McGraw-Hill expects 2012 construction to edge up

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ENR Southeast Construction reports  parent company McGraw-Hill Construction has revised its October 2011 forecast to predict total new construction starts will rise 2 percent across the U.S. in 2012. Last fall, a flat construction outlook was forecast.

In its 2012 Dodge Construction Outlook Midyear Update, McGrawHill projects that total construction starts will increase to $445 billion from the $434 billion reported for 2011. The forecast calls for improvement in housing, with weakened institutional and public works building because of the tough fiscal environment for state and localities.

Manufacturing building will retreat 20 percent following a 75 percent jump in 2011, the forecast notes, with public works construction sliding 6 percent. Advances were predicted in single-home and multi-family housing. Robert Murray, vice president of economic affairs for McGraw-Hill, said in a statement that even though the outlook is slightly improved it still paints the industry as one struggling to gain upward momentum.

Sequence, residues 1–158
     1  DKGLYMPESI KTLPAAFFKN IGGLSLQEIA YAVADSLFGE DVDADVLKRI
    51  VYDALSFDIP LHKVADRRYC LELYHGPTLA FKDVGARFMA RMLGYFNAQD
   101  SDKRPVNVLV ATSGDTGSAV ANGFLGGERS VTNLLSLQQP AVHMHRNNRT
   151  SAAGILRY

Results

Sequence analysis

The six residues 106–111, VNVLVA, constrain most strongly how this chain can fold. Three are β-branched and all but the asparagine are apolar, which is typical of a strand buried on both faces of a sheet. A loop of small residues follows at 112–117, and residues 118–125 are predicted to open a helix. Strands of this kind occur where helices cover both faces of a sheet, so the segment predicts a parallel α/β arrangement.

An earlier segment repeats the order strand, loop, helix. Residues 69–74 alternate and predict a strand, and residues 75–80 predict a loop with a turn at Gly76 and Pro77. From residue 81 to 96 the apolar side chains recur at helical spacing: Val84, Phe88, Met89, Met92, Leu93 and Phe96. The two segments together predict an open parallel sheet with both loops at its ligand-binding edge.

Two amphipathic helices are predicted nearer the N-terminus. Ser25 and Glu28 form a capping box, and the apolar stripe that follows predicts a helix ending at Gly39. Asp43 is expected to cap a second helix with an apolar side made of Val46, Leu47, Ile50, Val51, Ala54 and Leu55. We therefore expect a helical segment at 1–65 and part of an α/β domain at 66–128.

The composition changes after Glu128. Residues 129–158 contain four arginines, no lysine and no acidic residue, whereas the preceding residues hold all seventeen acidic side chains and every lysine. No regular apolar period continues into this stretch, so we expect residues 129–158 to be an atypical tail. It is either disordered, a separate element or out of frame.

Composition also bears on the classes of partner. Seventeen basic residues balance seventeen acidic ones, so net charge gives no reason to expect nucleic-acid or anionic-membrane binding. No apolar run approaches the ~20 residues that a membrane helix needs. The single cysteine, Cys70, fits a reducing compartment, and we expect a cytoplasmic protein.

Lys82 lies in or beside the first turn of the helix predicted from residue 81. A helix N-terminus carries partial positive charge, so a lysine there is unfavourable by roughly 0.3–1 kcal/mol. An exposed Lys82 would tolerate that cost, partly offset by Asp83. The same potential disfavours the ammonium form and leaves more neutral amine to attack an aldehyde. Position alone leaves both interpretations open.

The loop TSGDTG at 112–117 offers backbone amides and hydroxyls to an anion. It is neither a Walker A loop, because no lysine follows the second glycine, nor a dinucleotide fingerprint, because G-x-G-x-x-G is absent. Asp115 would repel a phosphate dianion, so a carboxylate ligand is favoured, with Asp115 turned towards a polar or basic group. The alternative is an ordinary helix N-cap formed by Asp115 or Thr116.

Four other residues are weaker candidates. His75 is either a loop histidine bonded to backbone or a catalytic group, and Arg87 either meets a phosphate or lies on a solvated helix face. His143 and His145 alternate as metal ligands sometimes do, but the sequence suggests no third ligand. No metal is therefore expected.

The backdrop for the construction industry remains the fragile U.S. economy, he said, with slow employment growth, diminished funding from state and federal government and lingering uncertainty over the European debt crisis. “Given these divergent factors, the construction market this year continues to see a mix of pluses and minuses by major sector,” he said.  Read More.

 

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